In the event that a company fails to complete these measurements and monitor their services, they can face a huge quality issue since nothing is being kept track of.
The measurement, analysis, and improvement clause allows the company personnel to step back after executing their product or service, and see how the customer has reacted to these positive changes.
Along with monitoring customer satisfaction, this clause includes guidelines for an internal audit, which also helps to assess the effectiveness of the new ISO quality management system.
Monitoring the execution of the product or service is vital, because it allows the upper management to make decisions on how to improve and what to avoid during future processes.
Every once in a while, there will be some product or service produced by the company that is not up to the standard protocol that is defined by the ISO 9001:2015 standard. This is also known as a non-conforming product/service, or a non-conformity.
When something does not conform to the ISO 9001 guidelines, it becomes a problem to the integrity and quality of the company. Therefore, any area that does not conform must be immediately identified and then resolved. All of these procedures are included within this particular clause.
Performance evaluation has to do with evaluating the company processes as a whole. As you might have been able to tell by now, the ISO 9001 standards all require a great deal of evaluation and assessment.
This is due to the fact that the goal of the entire QMS is to establish and maintain quality within a business.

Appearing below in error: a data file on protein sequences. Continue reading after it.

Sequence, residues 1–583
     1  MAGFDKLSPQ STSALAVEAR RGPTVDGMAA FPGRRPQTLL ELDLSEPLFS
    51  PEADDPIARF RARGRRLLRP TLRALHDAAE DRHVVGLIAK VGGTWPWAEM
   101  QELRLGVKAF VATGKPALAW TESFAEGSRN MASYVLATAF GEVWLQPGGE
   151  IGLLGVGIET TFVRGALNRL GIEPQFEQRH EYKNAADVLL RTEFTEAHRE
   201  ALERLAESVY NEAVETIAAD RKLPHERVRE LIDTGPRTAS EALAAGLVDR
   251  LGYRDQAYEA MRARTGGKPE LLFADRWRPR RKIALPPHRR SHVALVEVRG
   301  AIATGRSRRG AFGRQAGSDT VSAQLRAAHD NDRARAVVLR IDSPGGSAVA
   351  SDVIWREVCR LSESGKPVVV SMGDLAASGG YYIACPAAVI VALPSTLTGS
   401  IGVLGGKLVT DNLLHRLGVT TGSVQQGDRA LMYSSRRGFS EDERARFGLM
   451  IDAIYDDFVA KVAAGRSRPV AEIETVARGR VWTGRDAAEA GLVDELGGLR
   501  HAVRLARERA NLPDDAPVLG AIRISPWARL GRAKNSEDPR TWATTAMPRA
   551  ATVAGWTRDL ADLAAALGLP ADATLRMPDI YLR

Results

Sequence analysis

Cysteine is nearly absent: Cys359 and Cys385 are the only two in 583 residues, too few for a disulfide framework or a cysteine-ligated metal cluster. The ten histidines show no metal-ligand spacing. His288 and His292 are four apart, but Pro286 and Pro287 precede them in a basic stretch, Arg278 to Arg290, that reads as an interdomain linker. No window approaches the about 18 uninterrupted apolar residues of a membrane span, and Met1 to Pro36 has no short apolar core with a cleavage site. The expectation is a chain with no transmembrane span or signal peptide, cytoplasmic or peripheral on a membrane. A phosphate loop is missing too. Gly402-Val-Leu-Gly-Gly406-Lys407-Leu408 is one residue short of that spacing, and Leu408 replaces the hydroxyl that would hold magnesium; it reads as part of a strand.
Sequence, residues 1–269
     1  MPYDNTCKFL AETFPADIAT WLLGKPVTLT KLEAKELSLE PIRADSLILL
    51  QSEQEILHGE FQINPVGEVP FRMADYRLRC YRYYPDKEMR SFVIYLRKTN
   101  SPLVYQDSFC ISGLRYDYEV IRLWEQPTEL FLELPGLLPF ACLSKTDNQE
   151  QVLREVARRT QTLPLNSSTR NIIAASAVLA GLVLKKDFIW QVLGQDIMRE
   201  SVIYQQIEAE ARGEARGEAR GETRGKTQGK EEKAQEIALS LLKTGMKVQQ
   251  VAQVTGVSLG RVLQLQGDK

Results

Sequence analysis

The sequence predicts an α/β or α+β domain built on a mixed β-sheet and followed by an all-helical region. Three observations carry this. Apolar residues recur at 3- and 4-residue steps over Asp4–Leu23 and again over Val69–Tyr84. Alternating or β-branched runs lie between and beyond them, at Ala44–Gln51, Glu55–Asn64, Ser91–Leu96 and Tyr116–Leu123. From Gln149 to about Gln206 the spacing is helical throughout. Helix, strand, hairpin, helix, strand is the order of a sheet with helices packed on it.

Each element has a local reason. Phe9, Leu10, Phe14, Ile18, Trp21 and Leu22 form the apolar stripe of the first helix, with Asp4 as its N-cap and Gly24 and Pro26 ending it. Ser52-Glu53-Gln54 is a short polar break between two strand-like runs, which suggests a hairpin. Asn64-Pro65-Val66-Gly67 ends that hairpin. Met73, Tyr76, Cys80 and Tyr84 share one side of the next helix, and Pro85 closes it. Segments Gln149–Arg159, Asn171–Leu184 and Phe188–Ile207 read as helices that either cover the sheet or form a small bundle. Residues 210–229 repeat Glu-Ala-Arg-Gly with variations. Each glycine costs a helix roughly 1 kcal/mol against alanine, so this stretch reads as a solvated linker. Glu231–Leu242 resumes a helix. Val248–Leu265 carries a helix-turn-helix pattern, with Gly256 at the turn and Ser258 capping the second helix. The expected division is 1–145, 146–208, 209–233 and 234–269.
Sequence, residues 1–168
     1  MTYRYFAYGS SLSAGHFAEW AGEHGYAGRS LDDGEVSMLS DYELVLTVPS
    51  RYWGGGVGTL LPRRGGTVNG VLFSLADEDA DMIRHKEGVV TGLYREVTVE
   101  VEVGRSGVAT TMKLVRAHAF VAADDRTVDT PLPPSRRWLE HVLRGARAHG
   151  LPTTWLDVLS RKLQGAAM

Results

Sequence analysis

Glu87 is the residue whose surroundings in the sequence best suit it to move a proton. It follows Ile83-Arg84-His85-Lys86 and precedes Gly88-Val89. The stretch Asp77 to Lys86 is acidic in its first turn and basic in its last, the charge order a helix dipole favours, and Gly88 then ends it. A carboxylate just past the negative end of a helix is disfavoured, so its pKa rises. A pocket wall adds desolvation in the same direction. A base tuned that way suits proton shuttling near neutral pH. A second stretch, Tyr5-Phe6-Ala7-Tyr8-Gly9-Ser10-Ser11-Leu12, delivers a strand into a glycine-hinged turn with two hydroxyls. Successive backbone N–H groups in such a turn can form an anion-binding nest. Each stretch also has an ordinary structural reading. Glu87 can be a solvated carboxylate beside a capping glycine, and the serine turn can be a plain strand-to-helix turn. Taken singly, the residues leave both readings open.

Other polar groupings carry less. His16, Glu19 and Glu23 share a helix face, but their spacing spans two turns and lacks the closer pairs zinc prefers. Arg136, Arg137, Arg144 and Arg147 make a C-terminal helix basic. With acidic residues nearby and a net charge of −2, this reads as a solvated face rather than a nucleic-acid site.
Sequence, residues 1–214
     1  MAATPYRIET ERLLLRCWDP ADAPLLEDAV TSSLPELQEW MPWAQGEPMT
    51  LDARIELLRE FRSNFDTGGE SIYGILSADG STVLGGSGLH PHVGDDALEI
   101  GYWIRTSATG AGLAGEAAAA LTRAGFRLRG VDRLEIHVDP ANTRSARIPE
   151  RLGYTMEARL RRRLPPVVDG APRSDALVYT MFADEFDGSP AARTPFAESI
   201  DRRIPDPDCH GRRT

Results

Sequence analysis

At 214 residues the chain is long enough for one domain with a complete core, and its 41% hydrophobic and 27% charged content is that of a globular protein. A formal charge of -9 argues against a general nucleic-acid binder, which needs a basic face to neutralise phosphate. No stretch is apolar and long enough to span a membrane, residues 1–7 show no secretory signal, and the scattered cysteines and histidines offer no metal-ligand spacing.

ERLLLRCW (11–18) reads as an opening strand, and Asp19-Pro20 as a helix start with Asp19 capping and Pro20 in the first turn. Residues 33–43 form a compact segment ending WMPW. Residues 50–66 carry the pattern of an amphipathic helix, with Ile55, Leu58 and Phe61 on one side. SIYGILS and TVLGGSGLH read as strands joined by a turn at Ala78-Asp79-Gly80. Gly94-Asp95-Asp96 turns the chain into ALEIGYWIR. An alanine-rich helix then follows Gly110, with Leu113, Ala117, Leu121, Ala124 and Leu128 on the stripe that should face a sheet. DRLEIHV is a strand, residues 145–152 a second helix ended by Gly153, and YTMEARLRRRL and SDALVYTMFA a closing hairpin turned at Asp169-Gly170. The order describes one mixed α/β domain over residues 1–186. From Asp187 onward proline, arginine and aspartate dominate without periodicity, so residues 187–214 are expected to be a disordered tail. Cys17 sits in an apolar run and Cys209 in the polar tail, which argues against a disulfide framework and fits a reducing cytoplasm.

Therefore, it will require management to constantly monitor and evaluate their processes, coming up with solutions to problems and ways to keep things running as smoothly as possible on a daily basis.
Overall, performance evaluation has to do with almost everything that is going on within the workplace. From company processes in general to the actual quality management system, and the procedures that are implemented every day, the performance of the company as a whole will be evaluated in this clause.
The final clause in the ISO 9001:2015 standard focuses mainly on improvement of the company. While it is true that you can go through the entire process of ISO certification to get the final stamp of approval from the organization, you won’t be able to keep it for long if you ignore the guidelines in this clause.
To be more specific, having an ISO certification is not just an achievement with a certificate that you can hang up on the wall and walk away from, but rather a constant effort that you must pay attention to at all times.
In other words, becoming ISO certified does not guarantee that your processes will maintain the quality that you have worked so hard to create. Instead, you will need to make sure that you are checking up on all company operations to guarantee that everything is exactly how you left it.
In addition to checking up on your daily processes through a continuous and diligent effort, you will need to work to improve on the existing quality management system that you have created.
A big part of being ISO 9001 certified is working to improve your company on a daily basis, as much as you can. You have already improved your old processes by becoming certified in the first place - so now, you will need to continue on the right track.
Improving your business will include assessing everything that is going on, deciding how you can make it better, and implementing those positive changes. This does not necessarily mean that anything is wrong with what you are doing, only that you want to get better every day.
You can think of your ISO 9001 quality management system like a flower in a pot. When you plant the seed and water it for a few weeks, a beautiful flower will sprout up from the soil.